Last week the NYPD and FBI relaunched their search for the remains of the 6-year-old boy Etan Patz, whose disappearance on his way to school helped launch a missing-children's movement that put kids' faces on milk cartons.
The disappearance of Patz is one of our nation's most notable mysteries. Here is our countdown of the strangest American mysteries yet to be solved.
1. The Oakville Blobs
On August 7, 1994, a bizarre gelatinous substance fell on the town of Oakville, Washington. Over the next three weeks, the gooey rain would fall six times, usually during the middle of the night. During the same time, Oakville residents began complaining of a mysterious illness similar to flu, with blurred vision and shortness of breath mixed in.
A sample of the substance was taken in for testing, and was found to have a high amount of human white blood cells. Further tests found that it contained two types of bacteria, one of which is found in the human digestive system. This led some to believe that it was human waste from an airplane, but the Federal Aviation Administration disproved this. Generally, evidence from the sample supported that the rain blobs were "alive."
But nobody knows what the hell the blobs were. Ridiculous theories of ocean bombings causing jellyfish particles to fly 50 miles onto the city have been made, and many believe it was biological weapons testing by the military. The only fact, though, is that no samples of the substance exist today.
2. The Black Dahlia
In January 1947, Elizabeth Short was gruesomely murdered. Her body was found mutilated, sliced in half at the waist, in Leimert Park in Los Angeles. The media quickly publicized the story, giving her the nickname "The Black Dahlia."
Short's murder remains unsolved to this day, and is still the source of widespread speculation. Movies have been made and James Ellroy wrote a bestseller about it. But despite all the attention paid to this case, it was never solved. It's quite possible the murderer was a man connected to other killings who served life in prison. Or the man could still be walking the streets today. Nobody knows.
3. The Murder of JonBenet Ramsey
On Christmas Day in 1996, American child beauty contestant JonBenet Ramsey was murdered in her home in Boulder, Colo. The 6-year-old's body was found beaten and strangled in the basement of the family home just eight hours after she was reported missing.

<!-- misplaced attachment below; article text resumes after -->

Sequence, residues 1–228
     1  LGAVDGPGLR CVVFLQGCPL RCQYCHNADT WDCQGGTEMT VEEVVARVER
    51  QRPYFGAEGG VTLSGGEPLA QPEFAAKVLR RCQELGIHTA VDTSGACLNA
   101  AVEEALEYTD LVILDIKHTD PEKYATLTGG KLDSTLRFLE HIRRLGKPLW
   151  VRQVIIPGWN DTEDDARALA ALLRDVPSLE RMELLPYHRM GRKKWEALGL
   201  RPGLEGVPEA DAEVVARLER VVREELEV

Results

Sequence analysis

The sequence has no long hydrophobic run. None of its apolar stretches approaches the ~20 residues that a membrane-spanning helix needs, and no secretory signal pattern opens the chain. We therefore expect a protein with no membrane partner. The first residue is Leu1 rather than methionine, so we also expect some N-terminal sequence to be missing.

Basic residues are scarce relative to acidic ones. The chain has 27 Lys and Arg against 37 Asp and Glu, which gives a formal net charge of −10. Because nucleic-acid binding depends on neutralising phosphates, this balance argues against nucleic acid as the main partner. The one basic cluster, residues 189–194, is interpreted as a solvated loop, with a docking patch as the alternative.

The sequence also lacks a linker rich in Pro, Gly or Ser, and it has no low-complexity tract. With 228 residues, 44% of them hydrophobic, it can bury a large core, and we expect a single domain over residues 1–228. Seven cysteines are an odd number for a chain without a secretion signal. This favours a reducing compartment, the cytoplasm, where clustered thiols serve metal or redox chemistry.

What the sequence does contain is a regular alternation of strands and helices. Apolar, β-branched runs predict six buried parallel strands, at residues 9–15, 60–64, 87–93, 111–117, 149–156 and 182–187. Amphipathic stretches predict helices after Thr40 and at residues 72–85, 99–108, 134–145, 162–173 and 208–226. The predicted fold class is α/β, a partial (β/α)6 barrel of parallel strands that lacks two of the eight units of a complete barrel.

Initially, her parents and brother were the prime suspects, but they were partially exonerated in 2003 thanks to DNA testing supporting that they were not involved. Her parents were completely cleared in 2008.
In August 2006, John Mark Karr (still in the running for biggest creep of all time) confessed to killing Ramsey while he was being held on child pornography charges. However, Karr's DNA did not match that found on JonBenet's body, and he was not charged. The Boulder Police Department has been overseeing the reopened investigation since 2009.
4. The Orphanage Mayday Mystery
On every May 1 since 1981, a cryptic ad has been placed by a group calling itself The Orphanage in the University of Arizona's student newspaper, the Arizona Daily Wildcat. Typically appearing as a mix of languages, symbols and mathematical equations, the ads have a few recurring themes.
The Orphanage, the secret society supposedly behind the ads, is offering "The Prize" which is an unidentified reward for whoever solves the mystery. White Rabbit/Wonder Bread are unknown items transported by The Orphanage, and images of Martin Luther appear often. If you're confused, well, so are we.
A rumor has circulated for years that an eccentric lawyer named Robert Truman Hungerford, who claims to be the legal counsel for the secret organization, is actually the madman behind all of it. It has never been proven, though.
5. Max Headroom Broadcast Signal Intrusion
We all have heard some pretty awesome Internet hacking stories, but what about a TV signal takeover? In 1987, on the evening of November 22, an unknown hijacker was successful in interrupting two television stations within three hours. The first signal intrusion occurred on WGN-TV's "Nine O'Clock News" during the sports segment, when a person broke in for about 30 seconds wearing a Max Headroom mask (Max Headroom is a British artificial intelligence character). There was no audio, just a buzzing sound as the person stood in front of a swaying piece of metal.
However, just a couple hours later, during the broadcast of "Doctor Who" on the PBS station WTTW, the signal was hijacked using the same video that was shown during the WGN intrusion. This time, though, the person in the mask appeared with distorted audio and was on screen for a much longer time, ultimately mooning the camera and getting his butt smacked with a flyswatter by an unknown accomplice. To this day, nobody knows who is responsible.